While many players today jump right to a red Nord when they think of the modern stage piano, other companies have been producing stage pianos for years as well, and there are, in fact, great alternatives to consider.

Case in point—the KORG Grandstage, which is a fabulous stage piano with a lot to offer. Sonically it is quite stellar, and operationally it is very easy to use. When you consider the praise bestowed on KORG’s historic BX-3 and the outstanding sampled pianos in the mighty Kronos workstation, overlooking this stage piano product (if that’s what you’re shopping for) would be downright inconceivable. So, is the GrandStage right for your rig? Let’s find out!

Category Value Rating
Features 20%
Usability 25%
Sound 25%
Documentation & Support 10%
Price 20%
OVERALL RATING = 3.6 Stars, which earns it a
WIHO Award!
3.6 stars or better: Outstanding, WIHO Award

3 stars or better: Worth considering
2 stars or better: Suited to specific needs
1 star or less: Not recommended


At first glance, the dark, symmetric layout looks sort of like a cross between a KORG M1 and the KORG SV-1 reviewed here.

The Grandstage comes in 88 keys (our review model) and 73 keys, weighing in at 44 and 37.5 sounds respectively. Both utilize KORG’s RH3 (Real Weighted Hammer Action 3) keybed, which is velocity sensitive but does not support aftertouch. There is a thin, red velvet liner at the top of the keybed, which is a nice touch that adds to the acoustic piano aesthetics.

There are 500 sounds at your fingertips, generated by seven “sound engines:”

SGX-2 (Acoustic Piano Sound Engine)
EP-1 (Electric Piano Sound Engine)
AL-1 (Analog Modeling Sound Engine)
CX-3 (Tonewheel Organ Sound Engine)
VOX Organ (Transistor Organ Sound Engine)
Compact Organ (Transistor Organ Sound Engine)
HD-1 (PCM Sound Engine)

Interestingly, the polyphony varies depending on which engine you use. For example, You can play up to 36 voices with the analog modeling engine, but 240 with the acoustic piano engine. We will explore the somewhat unusual way sounds are combined later, but as there are 19GB of PCM samples on board, there should be something for just about every need.

Fortunately, in the center of the keyboard and above the keys are large buttons labeled Favorites. The top row is labeled A-H, and below this are buttons 1-8, providing shortcuts to 64 favorites (eight sets of eight). This comes with the first 32 preloaded, though they can be overwritten as you choose.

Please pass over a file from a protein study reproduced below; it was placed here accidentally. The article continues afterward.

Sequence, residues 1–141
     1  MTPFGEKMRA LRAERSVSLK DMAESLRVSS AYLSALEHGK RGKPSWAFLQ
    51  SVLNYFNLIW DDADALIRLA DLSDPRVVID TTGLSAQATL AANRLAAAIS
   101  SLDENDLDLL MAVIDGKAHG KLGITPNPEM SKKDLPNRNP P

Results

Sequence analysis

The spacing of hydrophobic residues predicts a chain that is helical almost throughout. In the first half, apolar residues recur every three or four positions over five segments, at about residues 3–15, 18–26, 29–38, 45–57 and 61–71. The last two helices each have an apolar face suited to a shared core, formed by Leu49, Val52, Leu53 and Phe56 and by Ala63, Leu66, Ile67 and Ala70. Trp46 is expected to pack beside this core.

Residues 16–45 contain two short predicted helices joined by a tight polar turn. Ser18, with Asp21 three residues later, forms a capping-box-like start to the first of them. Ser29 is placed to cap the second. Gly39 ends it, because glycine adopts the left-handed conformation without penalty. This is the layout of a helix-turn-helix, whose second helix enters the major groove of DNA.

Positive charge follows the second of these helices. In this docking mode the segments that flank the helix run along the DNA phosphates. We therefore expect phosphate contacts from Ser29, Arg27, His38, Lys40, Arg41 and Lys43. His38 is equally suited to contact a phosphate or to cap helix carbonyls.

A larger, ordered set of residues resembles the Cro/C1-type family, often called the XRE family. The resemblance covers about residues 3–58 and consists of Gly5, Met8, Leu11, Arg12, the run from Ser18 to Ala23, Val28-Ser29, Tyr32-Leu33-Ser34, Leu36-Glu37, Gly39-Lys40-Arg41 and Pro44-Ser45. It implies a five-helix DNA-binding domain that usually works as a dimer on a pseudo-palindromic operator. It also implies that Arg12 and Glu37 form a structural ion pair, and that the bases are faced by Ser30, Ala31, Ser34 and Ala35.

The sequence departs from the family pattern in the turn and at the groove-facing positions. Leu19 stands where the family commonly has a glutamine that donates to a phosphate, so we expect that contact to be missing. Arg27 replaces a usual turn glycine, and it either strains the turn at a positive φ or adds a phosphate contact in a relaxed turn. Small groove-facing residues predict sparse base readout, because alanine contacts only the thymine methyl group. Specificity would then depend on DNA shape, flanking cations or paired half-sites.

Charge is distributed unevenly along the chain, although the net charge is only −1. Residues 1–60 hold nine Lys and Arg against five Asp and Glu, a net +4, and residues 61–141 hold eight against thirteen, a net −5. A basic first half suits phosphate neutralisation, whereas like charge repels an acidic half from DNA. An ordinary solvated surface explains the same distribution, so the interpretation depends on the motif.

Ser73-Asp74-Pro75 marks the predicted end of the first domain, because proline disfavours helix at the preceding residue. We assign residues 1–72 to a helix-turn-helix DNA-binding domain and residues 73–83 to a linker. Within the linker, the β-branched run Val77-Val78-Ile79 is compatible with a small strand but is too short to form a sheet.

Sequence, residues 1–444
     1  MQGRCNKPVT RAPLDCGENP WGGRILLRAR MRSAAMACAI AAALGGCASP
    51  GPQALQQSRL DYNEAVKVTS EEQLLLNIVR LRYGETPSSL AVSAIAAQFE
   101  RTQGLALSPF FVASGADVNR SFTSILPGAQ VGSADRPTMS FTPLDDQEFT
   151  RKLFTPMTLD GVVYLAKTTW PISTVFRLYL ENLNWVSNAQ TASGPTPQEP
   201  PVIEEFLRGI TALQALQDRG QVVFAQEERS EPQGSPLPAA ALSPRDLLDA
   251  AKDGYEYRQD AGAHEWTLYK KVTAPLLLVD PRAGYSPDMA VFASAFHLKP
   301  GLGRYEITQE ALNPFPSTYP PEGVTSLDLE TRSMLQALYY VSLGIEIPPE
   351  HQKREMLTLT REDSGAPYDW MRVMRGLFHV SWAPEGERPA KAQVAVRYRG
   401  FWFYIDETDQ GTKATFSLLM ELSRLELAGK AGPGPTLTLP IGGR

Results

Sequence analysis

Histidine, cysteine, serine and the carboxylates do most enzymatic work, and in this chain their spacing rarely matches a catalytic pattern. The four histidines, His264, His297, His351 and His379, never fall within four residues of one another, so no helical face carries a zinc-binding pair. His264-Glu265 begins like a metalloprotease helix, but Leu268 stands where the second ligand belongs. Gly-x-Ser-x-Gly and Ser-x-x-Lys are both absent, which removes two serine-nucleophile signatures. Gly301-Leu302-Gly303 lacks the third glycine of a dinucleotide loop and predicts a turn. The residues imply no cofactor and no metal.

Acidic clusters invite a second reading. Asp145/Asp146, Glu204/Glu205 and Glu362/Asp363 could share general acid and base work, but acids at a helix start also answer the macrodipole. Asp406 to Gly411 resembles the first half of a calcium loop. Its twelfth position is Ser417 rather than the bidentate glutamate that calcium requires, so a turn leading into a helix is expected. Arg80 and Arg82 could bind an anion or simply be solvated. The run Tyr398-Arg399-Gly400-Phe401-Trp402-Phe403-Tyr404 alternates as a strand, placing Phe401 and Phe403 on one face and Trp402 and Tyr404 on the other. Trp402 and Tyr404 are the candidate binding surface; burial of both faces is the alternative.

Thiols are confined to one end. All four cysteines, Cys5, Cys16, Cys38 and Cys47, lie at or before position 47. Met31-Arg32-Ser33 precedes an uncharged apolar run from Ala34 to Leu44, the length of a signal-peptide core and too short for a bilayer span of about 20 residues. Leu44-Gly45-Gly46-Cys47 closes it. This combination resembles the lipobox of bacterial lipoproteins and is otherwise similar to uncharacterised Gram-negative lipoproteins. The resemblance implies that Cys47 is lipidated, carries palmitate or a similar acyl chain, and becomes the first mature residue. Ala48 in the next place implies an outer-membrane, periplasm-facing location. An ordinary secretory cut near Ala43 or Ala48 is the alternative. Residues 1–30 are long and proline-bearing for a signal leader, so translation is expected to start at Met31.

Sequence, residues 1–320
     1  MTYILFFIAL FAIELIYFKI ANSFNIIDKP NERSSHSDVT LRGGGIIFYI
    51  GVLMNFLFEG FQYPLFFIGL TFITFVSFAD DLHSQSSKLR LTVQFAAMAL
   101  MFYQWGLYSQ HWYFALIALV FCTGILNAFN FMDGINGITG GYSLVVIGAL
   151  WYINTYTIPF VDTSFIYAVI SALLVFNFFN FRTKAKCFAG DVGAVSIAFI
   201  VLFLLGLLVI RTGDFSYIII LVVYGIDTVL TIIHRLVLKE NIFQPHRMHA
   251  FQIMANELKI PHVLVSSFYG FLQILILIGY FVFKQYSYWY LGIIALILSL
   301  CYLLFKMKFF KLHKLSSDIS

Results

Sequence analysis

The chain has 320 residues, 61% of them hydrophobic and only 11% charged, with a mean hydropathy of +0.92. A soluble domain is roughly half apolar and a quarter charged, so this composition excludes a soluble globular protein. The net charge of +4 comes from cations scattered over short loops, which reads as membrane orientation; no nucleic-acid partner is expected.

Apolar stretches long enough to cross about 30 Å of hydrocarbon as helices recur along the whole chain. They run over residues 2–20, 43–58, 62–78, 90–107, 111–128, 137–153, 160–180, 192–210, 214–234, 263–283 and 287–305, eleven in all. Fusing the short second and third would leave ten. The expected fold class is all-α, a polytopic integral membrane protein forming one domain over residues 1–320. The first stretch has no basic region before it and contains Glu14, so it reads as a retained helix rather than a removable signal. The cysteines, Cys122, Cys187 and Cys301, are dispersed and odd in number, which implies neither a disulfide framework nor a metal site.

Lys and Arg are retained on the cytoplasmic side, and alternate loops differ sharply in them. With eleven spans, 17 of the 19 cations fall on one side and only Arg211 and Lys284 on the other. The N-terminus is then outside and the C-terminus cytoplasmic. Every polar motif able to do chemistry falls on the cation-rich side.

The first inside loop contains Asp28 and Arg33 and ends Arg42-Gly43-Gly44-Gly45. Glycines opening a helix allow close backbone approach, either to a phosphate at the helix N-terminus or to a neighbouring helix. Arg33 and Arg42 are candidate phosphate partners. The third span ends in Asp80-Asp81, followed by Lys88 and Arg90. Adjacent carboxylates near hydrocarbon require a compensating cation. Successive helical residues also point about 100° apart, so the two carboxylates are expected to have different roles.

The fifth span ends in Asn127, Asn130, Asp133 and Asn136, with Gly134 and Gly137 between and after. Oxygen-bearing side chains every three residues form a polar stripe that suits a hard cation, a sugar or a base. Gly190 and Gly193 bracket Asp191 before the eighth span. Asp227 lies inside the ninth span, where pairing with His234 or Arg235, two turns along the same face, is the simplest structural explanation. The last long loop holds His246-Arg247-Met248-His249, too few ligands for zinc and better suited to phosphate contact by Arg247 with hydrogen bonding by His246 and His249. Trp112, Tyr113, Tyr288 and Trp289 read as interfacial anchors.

To the left and right of these buttons are two KORG Monologue-like screens. The screen on the right side is associated with the “Keyboards” rotary knob selector (the categories on the Keyboards knob are Grand, Upright, EP Rd, EP Wl, EP Syn, Clav, Organ, and Ensemble), and the screen on the left side is associated with the “Ensemble” rotary knob (the categories are Strings, Brass, Synth, Lead, Bell/Gtr, Bass, SFX/Hit, and Keyboards). Each side has a level knob, as well as a Variation knob to scroll within each category, and the name appears in the (tiny) LCD screen.

Further to the left are the delay and reverb controls, set up in a similar way as the presets with an On/Off toggle and a rotary knob to select. A much-appreciated tap-tempo button is also nearby to get those effects in sync with your live drummer. There’s a knob for depth of the effects, and a button to call up system items such as tuning, MIDI channel, and manipulating the glowing KORG logo that faces out to the audience (which you can turn off, set to a desired color, or cycle through all colors). You can even make the backlight pulsate and respond to your playing velocity!

The GrandStage also has a three-band EQ with three sliders, a Dynamics button/knob to control volume response to playing the keyboard, a Master volume knob, pitch bend wheel, modulation wheel, and SW1 and SW2 buttons (for real-time controllers).